A Post post

postboxes from Flickr group, via Ministry of Type

I'm reading Roald Dahl's biography Boy aloud to the kids and found it endearing that he wrote to his mother every week for 32 years, from the first week (at age 9!) when he was sent to boarding school until her death. She kept all of those letters (more than 600 altogether) in piles bound with green tape in the original envelopes. It makes me long for old fashioned mail. What will we do without lovely piles of letters to read through? Will our emails survive?

Resolved: I'm going to send more real mail.

If you have younger kids, you might like this pretty wonderful card table post office. Also check out the felt mail and mail bags. I wish my kids still wanted to make believe. Or, for the grown-up version, how about this fantastic 1880 post office wall?

As a compromise, I'm acting on an idea I saw ages ago: putting mailboxes inside the house (maybe one per person near their bedroom?) for leaving notes and papers. Or maybe one or two of these great Swedish mailboxes would do the trick. Let the secret admirer/complaint department/compliments/wish making begin!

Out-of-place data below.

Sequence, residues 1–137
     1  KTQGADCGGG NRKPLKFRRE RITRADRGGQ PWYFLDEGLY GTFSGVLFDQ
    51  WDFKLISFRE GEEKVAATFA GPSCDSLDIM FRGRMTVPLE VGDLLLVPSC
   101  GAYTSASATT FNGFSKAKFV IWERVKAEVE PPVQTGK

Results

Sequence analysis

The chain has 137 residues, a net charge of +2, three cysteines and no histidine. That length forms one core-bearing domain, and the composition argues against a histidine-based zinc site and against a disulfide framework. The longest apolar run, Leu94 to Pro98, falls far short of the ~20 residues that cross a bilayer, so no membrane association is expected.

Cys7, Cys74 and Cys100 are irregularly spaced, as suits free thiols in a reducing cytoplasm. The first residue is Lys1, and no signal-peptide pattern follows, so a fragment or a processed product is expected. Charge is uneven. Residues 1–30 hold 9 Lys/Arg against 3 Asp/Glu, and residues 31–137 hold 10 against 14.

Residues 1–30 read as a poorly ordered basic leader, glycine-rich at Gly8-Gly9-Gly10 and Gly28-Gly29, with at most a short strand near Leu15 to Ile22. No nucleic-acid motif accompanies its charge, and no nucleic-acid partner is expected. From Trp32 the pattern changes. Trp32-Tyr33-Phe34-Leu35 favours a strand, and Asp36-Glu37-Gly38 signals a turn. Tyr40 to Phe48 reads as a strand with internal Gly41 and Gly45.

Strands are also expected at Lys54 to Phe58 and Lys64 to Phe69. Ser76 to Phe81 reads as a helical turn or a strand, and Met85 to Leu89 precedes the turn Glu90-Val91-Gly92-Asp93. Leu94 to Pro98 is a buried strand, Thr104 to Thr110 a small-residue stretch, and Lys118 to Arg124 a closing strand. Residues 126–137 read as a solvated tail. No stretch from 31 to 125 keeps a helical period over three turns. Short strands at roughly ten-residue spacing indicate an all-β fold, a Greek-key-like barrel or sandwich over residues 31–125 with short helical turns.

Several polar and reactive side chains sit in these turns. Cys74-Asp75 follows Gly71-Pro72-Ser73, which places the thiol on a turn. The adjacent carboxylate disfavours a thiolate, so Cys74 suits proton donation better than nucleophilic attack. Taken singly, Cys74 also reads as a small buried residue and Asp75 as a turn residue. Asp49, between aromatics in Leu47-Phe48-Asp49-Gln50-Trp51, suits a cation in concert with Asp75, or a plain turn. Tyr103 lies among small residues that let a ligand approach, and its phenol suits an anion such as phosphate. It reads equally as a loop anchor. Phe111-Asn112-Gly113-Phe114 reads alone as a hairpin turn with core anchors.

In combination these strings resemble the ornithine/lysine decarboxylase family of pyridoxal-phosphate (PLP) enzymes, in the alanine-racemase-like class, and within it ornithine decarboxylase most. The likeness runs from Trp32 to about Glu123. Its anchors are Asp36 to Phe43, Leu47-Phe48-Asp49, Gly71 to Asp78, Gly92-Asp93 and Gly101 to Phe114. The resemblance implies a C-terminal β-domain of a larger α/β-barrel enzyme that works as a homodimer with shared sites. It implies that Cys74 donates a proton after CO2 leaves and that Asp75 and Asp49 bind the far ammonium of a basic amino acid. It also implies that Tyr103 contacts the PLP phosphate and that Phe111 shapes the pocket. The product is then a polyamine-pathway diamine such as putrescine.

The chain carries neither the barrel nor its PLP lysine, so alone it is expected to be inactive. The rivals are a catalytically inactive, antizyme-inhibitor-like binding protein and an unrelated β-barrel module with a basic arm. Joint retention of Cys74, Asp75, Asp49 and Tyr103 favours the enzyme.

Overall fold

Finally, I cannot look at the sight of those glorious red postboxes without a surge of affection for G. When I was in London for six months and he was here in the US of A he was a devoted pen pal. He called, wrote or recorded something for me on tape Every Single Day. I wasn't quite as good about the frequency of return post but those red boxes temporarily held many of my dearest thoughts and fragilest hopes, on their way to him.

I wonder if they're selling one of those on eBay? {Hmm. Just found this.}